DeYarmond Edison Lives Again Through Mammoth New Box Set

records, book tell the tale of early 2000s E.C. band that preceded Bon Iver, Megafaun, and more

Tom Giffey |

BEFORE THE BIG TIME. DeYarmond Edison's most well-known lineup consisted of, left to right, Justin Vernon,
BEFORE THE BIG TIME. DeYarmond Edison's most well-known lineup consisted of, left to right, Justin Vernon, Joe Westerlund, Phil Cook, and Brad Cook. (Photo by D.L. Anderson)

Whether you remember catching DeYarmond Edison gigs at the Stones Throw in the early 2000s or your Justin Vernon fandom began when you heard him dueting with Taylor Swift, a huge box set that hit the market today will undoubtedly have something that grabs your ear.

True to its name, Epoch is a sonic trip to another time, namely the early years of the new millennium when a talented group of young musicians coalesced around Vernon, who had yet to gain international stardom with Bon Iver. The five LP, four CD set – released Aug. 18 by indie label Jagjaguwar at a list price of $130 – features rare tracks from DeYarmond Edison, the indie folksters whose 2006 breakup birthed Bon Iver, Megafaun, and a constellation of other groups.

The set also includes a 60,000-word chronicle of DeYarmond’s rise and fall, penned by music journalist/executive producer/über fan Grayson Haver Currin, who became friends with the boys from the band – Vernon, Brad and Phil Cook, and Joe Westerlund – when they relocated from Eau Claire to a bigger musical pond in the South.

The Epoch box set. (Jagjaguwar Records)
The Epoch box set. (Jagjaguwar Records)

“When DeYarmond Edison arrived in Raleigh in 2005, they were actively fighting against their own limitations,” Currin writes in the book’s introduction. “That process broke the band and, briefly, a few friendships. But it made everything that’s followed possible. As Justin admitted a few months into the project you now hold in your hands, ‘I learned more in that year than I’ve learned in the decade since.’ Epoch is an attempt to unpack those lessons and, in turn, learn something from them.”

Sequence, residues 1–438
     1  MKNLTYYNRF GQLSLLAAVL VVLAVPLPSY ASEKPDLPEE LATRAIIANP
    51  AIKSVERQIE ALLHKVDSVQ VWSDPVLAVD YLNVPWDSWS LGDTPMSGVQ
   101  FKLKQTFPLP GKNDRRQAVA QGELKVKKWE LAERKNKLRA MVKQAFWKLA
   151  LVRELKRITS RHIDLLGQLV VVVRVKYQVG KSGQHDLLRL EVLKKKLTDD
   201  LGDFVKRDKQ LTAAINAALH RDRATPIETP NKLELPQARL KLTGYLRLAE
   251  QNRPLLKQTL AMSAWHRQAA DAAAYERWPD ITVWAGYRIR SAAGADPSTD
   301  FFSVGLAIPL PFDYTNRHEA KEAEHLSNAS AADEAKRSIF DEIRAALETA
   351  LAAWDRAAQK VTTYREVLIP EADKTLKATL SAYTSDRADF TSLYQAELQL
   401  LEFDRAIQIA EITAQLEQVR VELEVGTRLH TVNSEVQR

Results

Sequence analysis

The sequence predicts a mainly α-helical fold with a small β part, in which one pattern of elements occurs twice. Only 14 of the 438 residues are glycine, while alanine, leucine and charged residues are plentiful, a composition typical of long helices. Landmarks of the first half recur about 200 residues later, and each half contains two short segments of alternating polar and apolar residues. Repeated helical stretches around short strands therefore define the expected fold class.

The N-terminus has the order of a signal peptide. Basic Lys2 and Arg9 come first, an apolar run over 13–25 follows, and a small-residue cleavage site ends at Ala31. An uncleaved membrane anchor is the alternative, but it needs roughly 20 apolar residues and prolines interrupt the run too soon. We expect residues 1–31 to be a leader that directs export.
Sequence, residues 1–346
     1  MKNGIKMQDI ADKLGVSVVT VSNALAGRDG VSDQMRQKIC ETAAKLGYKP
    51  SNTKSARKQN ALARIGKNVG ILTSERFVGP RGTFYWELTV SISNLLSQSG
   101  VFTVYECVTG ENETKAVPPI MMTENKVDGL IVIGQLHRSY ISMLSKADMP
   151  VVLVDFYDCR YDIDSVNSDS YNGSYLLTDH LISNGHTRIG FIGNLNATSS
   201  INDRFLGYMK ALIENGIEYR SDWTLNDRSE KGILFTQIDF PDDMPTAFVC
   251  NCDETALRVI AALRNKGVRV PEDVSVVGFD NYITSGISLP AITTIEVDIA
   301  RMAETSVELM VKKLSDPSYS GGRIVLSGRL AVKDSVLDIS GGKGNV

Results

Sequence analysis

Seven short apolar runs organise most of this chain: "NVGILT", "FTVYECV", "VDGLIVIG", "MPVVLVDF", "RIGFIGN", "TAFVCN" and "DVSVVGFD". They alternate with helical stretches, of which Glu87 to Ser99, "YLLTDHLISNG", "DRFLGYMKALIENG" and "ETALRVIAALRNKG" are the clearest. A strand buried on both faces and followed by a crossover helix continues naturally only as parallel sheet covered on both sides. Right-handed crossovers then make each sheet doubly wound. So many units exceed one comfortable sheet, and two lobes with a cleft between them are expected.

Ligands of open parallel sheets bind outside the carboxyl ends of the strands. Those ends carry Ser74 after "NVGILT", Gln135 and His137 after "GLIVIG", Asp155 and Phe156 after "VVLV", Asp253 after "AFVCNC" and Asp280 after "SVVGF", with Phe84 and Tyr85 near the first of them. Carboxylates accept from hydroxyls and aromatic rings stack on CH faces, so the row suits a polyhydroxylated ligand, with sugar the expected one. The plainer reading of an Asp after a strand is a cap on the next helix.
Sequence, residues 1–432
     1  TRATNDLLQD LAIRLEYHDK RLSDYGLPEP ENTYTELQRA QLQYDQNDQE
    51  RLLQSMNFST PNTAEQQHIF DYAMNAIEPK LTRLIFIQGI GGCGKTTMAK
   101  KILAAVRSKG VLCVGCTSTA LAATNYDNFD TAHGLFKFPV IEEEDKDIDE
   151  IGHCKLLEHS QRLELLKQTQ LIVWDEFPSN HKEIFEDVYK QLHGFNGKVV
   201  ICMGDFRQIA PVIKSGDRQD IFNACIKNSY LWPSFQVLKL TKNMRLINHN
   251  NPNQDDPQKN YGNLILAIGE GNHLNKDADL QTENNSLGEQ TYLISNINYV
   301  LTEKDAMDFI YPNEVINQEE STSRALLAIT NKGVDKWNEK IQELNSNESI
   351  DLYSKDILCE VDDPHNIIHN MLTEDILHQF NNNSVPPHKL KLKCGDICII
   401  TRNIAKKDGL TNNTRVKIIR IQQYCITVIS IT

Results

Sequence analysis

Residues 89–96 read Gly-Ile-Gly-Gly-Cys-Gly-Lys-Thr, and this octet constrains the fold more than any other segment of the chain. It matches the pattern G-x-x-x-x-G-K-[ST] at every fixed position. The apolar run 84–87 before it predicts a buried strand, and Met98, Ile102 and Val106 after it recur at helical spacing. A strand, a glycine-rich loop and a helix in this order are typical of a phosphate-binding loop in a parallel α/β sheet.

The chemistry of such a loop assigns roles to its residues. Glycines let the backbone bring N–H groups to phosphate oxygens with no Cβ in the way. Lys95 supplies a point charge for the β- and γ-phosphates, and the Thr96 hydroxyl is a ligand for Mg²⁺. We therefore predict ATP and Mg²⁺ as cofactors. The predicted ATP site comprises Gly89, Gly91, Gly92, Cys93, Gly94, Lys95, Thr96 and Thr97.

When the band split in 2006, they left behind an EP that languished on MySpace, as well as scores of other songs, released and unreleased, that – despite the future prominence of their creators – have reached few ears.

Epoch will undoubtedly change that with its whopping 83 songs, many of them available on vinyl or digital download for the first time. In addition to classic tracks from DeYarmond Edison’s releases and live shows, it includes songs from the band’s predecessor, Mount Vernon, as well as early solo recording by Vernon and work by Megafaun (which the Cooks and Westerlund created after Vernon returned to Wisconsin, where he recorded Bon Iver’s debut, For Emma, Forever Ago). For listeners, it all amounts to a comprehensive trip down memory lane – even if these particular memories are new for some of us.

Learn more about the release and see a track listing at